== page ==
14,000 Northern California Safeway grocery workers may strike over precarious working conditions and proposed cuts to benefits and real wages in one of the most expensive regions in the United States. Effective February 17, the United Food and Commercial Workers union (UFCW) Local 5 canceled its contract 18 months after it had expired and has begun holding a series of two-hour pickets after a 95 percent strike authorization vote.
Whether a strike takes place remains to be seen. While there is near-unanimous support from Safeway workers for a strike, the UFCW has done everything it can to for a year and a half to prevent a strike. If the UFCW does call a strike, its purpose will be to further wear down and isolate Northern California Safeway workers and starve them into submission.
Nationally, Safeway workers make an average of $12.59 per hour according to PayScale.com. In California, wages tend to be slightly higher, generally in the mid-to-high teens. A full-time employee working for $15 per hour 40 hours a week makes $2,600 per month, less than the $2,800 median monthly rent of a two-bedroom apartment in the San Francisco Bay Area. However, roughly three quarters of Safeway employees are part-time and ineligible for benefits. Nationwide, 60 percent of grocery workers work multiple jobs to survive and 10 percent are homeless, according to the UFCW.
The grocery industry has been pushing to cut costs for the past two decades in the face of competition from WalMart and online grocery services such as Amazon. Many chains have promoted automation such as self-checkout, allowing them to lay off cashiers and other employees. Safeway stores are now run by skeleton crews, with employees complaining of chronic understaffing. Still, profit margins for conventional grocers such as Safeway have remained around 2 percent for the past decade, varying from about 1 to 3 percent.
Workers are also fighting against Wall Street investment firms that stand behind the major grocery chains, and who are coordinating a global campaign of cuts directed against the working class. Safeway’s parent company, private equity firm Cerberus Capital Management, which controls $50 billion in assets, has a long history of asset stripping across many sectors of the economy. One of the most infamous of these was Cerberus’ takeover of Chrysler in 2007, after which it decimated autoworkers’ living standards.
Safeway is demanding large cuts in healthcare and pension benefits, increased out-of-pocket medical costs and a wage increase of less than 1 percent, which translates to a wage cut when inflation is factored in. However, the UFCW is only demanding roughly double this wage increase, which would still barely keep pace with inflation.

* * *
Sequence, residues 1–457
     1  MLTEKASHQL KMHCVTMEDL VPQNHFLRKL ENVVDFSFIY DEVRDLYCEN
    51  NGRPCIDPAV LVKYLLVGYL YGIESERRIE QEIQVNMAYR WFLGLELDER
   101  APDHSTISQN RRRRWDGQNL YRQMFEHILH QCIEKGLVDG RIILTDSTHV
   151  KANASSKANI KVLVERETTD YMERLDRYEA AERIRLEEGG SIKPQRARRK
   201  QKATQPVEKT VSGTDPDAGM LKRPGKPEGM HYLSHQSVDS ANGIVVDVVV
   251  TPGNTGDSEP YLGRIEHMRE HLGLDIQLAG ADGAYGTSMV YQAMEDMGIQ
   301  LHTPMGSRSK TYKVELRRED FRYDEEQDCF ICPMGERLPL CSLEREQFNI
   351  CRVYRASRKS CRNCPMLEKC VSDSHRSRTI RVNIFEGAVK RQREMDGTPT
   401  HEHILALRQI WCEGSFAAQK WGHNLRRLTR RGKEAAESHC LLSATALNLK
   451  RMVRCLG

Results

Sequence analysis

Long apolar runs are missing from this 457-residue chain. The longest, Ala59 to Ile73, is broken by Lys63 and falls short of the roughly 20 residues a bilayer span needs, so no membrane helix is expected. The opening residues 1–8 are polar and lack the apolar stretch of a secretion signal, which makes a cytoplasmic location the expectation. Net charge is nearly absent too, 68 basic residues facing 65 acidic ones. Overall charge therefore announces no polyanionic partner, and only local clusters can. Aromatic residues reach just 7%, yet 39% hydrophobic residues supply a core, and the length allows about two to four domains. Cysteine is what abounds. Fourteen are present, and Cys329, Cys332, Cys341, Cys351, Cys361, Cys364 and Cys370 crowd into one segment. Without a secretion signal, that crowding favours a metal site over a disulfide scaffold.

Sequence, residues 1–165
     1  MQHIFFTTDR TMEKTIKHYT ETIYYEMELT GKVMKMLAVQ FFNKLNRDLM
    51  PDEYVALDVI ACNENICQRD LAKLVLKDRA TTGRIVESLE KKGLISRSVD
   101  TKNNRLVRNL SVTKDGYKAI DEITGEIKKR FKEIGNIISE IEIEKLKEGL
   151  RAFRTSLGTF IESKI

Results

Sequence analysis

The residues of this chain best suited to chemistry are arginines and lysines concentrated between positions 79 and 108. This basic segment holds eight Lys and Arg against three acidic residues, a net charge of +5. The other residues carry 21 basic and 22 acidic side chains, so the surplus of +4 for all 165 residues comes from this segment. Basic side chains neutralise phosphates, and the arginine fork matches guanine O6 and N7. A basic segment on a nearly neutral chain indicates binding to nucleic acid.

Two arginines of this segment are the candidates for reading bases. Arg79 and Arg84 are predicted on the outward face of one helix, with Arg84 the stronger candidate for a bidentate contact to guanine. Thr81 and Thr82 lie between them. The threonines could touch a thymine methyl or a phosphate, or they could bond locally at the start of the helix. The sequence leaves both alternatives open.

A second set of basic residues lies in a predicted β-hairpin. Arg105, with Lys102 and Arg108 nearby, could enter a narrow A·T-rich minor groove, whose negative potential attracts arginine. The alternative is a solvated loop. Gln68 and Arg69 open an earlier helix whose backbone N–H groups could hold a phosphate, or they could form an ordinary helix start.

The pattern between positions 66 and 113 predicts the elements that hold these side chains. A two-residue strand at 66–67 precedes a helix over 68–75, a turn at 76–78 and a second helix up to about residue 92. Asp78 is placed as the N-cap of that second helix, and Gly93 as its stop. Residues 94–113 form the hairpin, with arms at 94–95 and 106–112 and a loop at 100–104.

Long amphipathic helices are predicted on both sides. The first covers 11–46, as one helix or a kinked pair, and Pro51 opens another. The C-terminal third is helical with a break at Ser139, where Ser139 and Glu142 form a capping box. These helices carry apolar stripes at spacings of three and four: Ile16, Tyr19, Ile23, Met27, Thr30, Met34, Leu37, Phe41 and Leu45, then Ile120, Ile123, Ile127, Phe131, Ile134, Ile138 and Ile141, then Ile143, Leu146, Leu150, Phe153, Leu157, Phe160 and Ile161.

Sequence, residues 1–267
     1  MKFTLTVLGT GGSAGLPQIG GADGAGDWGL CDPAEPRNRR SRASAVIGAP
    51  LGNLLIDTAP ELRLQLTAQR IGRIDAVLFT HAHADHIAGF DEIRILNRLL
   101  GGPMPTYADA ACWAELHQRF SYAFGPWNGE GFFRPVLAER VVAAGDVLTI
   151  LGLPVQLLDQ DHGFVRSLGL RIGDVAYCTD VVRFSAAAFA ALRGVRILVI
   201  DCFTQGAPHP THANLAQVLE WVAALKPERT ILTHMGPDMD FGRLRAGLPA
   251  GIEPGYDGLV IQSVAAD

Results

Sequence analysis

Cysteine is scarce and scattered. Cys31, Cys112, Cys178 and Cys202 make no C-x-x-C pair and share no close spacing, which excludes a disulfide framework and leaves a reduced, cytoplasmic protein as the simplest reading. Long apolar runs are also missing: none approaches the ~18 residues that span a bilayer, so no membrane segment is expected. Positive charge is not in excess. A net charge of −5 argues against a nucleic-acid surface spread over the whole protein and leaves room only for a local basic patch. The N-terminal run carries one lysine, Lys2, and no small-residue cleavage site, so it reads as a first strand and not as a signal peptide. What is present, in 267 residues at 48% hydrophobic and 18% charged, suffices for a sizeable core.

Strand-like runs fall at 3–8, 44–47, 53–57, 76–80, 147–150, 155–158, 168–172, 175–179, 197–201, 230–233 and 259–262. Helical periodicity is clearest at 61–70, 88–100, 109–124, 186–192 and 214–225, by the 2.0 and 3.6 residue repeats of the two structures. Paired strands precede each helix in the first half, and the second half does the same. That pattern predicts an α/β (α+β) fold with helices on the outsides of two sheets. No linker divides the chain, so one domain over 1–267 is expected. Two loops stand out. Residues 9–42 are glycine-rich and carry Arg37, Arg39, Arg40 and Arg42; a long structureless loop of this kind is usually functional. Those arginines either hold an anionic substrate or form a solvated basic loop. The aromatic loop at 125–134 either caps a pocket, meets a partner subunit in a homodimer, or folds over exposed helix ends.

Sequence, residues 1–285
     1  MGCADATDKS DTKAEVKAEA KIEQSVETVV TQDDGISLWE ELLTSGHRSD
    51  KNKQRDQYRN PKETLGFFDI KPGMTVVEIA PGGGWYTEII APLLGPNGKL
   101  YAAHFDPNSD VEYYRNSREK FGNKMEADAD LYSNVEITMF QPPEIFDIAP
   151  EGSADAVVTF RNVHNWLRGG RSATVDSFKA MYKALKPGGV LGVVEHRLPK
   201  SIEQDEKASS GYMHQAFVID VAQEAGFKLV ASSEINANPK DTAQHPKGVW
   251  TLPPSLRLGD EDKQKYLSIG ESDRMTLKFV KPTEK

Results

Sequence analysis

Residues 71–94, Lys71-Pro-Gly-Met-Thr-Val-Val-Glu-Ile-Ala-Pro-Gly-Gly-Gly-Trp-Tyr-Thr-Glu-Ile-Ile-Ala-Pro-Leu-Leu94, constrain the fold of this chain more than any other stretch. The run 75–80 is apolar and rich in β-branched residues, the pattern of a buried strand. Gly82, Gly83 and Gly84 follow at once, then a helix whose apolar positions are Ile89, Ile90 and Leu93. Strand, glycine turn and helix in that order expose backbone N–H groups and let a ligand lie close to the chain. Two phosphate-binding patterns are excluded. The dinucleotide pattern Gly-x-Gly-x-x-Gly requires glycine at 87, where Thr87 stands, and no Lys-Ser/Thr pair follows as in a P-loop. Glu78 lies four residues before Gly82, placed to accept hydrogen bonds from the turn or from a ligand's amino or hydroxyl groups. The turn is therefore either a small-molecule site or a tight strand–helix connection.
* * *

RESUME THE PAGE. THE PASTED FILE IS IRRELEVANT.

The UFCW, which has collaborated with grocery companies since the 1980s in the systematic destruction of the living standards of grocery workers, is working to smother grocery workers into submission. Aware that it could not initially pass a contract that would satisfy Safeway’s demands, the UFCW first forced workers to remain on the job for a year and a half after the expiration of the last contract, leaving workers without raises even as the cost of living continues to skyrocket, particularly in the San Francisco Bay Area.
The UFCW only canceled the contract and raised the possibility of a strike after isolating Safeway workers for eighteen months. During that time, near-unanimous strike authorization votes demonstrated support for a united struggle by grocery workers nationwide. A vote in late June 2019 by 46,000 Southern California Ralphs, Albertson’s and Vons workers passed with 96 percent approval. Twenty-five thousand UFCW Oregon and Southwestern Washington State grocery workers also voted to strike. In April 2019, 31,000 UFCW grocery workers from 240 Stop n’ Shop stores across New England walked out on strike for 10 days before the union ordered them back to work upon the announcement of a tentative agreement. Yesterday, UFCW Local 400 in the Washington, DC area held a rally at which it announced a date for a strike vote.
Despite the determination of workers to oppose these cuts, the UFCW has rammed through one concession contract after another. At Stop n’ Shop, the UFCW asserted that workers would not even receive the full contract until after it had been ratified. In Southern California, the UFCW refused to call a strike and instead imposed a contract in September without publicly releasing vote totals, claiming only that it passed “overwhelmingly.” The UFCW Local 1167 website still has not released the full contents of this contract. Oregon and southwest Washington-based UFCW Local 555 announced that their contract had been ratified, again without providing vote totals, on October 11, without calling a strike.
This demonstrates that the role of the UFCW, whose International President Anthony Perrone made $341,398 in official salary last year, is to divide workers and deliver the desired cuts to management.
A strike by Safeway workers would meet with powerful support. Seventy miles to the south of San Francisco, hundreds of graduate students at the University of California-Santa Cruz are on wildcat strike against miserable wages that are little better than those of Safeway workers. That strike is taking place in defiance of the UAW, which negotiated a poverty contract that stripped them of the right to strike.
To defeat the UFCW’s tactic of isolating workers, Safeway workers must form rank-and-file committees, independent of and in opposition to the UFCW. Such committees will form the basis of a broader movement of the entire working class in defense of living standards.